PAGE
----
Note: You may remember Carole Asselin, from Creation Cassel and Scrapbook Campus, who told you about the importance of scrapbooking when sharing your photos. Now, she’s taking it a step further by showing you how to create a scrapbook image.
Whether you are a professional photographer looking for a way to showcase your stunning photos, or a parent capturing images of daily family events, you probably want to look at ways to turn those photos into something special, just the way they deserve to be displayed. That is what scrapbooking is all about. It can be minimal or it can be intricate. It is your call but remember the story you want to share.
When you start your scrapbooking project, you can either create everything from scratch, or look for digital supplies that will match or complement your photo. Creating every paper and element is possible but if you want to complete your project a little faster, using premade supplies is the way to go. I found a kit that revolved around a beach theme and had colors similar to some elements of the photo so I will be using a kit I found in my stash called Beat the Heat (this kit is no longer available as far as I know). It will be a great match for this photo. Follow along with these steps to create your scrapbook page:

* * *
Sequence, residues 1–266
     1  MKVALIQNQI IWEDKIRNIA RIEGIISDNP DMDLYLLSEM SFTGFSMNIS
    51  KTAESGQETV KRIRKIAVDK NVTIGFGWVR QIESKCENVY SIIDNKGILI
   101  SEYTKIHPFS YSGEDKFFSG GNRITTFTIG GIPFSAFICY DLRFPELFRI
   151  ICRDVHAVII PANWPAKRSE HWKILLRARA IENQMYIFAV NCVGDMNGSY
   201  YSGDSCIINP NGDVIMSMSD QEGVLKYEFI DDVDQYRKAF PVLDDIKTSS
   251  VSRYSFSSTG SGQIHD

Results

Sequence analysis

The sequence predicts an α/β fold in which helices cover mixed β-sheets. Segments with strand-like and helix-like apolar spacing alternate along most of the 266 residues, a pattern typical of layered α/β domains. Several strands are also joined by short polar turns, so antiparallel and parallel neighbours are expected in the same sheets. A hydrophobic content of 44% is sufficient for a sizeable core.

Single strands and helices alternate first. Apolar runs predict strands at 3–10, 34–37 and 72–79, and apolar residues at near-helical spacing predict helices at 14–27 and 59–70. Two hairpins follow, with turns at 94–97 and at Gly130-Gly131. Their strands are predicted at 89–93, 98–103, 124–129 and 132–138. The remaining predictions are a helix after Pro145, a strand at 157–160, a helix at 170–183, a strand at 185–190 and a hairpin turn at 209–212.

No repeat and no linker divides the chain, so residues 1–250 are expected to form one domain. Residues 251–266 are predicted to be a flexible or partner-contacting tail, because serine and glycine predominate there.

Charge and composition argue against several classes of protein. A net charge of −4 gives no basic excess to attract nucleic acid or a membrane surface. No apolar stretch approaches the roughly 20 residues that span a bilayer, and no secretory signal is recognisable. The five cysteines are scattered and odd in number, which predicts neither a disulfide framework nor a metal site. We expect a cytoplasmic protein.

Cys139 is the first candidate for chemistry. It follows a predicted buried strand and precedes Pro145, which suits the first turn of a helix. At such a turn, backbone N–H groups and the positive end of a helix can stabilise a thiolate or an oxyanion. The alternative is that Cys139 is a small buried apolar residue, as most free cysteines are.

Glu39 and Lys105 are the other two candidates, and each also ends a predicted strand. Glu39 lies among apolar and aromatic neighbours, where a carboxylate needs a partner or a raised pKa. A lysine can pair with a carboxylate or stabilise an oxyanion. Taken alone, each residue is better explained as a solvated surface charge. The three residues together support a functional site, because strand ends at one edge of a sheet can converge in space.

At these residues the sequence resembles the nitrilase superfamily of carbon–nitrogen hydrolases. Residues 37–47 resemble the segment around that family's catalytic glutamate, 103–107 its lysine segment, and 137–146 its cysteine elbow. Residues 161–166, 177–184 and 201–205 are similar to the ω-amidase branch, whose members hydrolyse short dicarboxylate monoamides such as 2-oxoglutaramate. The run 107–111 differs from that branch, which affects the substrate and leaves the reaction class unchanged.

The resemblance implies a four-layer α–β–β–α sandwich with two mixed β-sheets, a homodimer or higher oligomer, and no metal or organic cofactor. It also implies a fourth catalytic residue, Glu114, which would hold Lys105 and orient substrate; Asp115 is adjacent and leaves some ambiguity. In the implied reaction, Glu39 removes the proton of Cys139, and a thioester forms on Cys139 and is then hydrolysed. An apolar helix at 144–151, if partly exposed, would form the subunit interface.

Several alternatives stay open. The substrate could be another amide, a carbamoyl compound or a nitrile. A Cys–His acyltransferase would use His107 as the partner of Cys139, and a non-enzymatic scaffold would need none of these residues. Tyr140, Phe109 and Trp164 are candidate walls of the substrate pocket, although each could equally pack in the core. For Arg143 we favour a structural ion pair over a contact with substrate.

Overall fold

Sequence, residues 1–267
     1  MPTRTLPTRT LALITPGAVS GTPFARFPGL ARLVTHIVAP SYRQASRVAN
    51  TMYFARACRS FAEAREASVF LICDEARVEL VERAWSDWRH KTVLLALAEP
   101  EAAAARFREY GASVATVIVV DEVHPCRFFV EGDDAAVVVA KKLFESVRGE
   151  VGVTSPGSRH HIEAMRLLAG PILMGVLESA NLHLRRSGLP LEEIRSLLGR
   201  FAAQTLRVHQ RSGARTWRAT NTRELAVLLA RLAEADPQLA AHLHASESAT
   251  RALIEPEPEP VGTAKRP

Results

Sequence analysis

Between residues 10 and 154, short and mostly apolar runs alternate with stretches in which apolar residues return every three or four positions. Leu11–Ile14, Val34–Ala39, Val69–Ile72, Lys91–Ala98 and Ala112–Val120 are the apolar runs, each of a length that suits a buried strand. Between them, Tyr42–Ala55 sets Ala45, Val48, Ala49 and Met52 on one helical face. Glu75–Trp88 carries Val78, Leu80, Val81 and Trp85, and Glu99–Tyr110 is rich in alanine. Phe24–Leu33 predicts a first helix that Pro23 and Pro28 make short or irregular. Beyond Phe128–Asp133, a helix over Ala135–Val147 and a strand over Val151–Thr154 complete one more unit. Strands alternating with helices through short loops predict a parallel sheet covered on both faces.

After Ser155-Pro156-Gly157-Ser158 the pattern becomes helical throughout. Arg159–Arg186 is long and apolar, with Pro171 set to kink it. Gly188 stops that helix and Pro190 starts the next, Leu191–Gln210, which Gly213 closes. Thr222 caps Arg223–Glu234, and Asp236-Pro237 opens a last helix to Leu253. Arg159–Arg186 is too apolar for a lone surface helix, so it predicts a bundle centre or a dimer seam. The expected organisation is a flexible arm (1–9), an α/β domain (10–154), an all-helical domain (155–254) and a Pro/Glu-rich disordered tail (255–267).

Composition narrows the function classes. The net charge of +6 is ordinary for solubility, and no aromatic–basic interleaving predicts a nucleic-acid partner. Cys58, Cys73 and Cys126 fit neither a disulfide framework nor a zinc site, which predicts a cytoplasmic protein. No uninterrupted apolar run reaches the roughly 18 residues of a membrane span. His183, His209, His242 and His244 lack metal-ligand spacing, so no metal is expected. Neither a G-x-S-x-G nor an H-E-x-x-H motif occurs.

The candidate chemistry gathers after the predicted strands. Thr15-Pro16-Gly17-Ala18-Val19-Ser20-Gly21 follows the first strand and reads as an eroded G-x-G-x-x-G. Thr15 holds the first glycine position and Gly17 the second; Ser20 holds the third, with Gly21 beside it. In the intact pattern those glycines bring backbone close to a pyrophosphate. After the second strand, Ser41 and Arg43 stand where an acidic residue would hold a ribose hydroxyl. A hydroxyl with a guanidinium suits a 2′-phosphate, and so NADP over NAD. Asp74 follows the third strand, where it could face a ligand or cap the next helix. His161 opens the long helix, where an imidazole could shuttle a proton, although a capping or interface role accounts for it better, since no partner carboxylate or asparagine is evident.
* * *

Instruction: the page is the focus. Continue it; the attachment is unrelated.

The foundation of a traditional digital scrapbook layout is to start with a 3600×3600 pixels blank canvas at 300 pixels per inch resolution. This resolution is what will give a better result when a scrapbooking project is printed.
2) Choose paper
I will then choose one base paper to copy and paste onto this blank canvas, or I could also drag the papers from the tray to the layer palette (if using PSPX6). I could have opted for a neutral color and add accents later but I preferred the colourful papers instead but that is just a personal preference. Remember that while doing digital projects with Paintshop Pro, you can always change your mind, which is a great advantage over traditional paper scrapbooking. Here, I picked two colourful papers that I layered. I resized the top one by 90% so it looks like it is framed by the back paper.
3) Add photo
Let’s add the photo. I am using only one photo. If I had several similar photos taken at the same time, I could have used more and group them or line them up. Depending on the photo, you might want to use your Pick tool to resize it down. Remember that resizing up is NOT recommended as it will lead to a pixellated image. I tend to like a clean style so I will keep my photo straight, instead of rotating it. Also, remember the rule of thirds when you choose where to place your photo (you knew about that in photo composition, right?).
This page is already looking better than just a plain black background with a single photo on it, don’t youContinue reading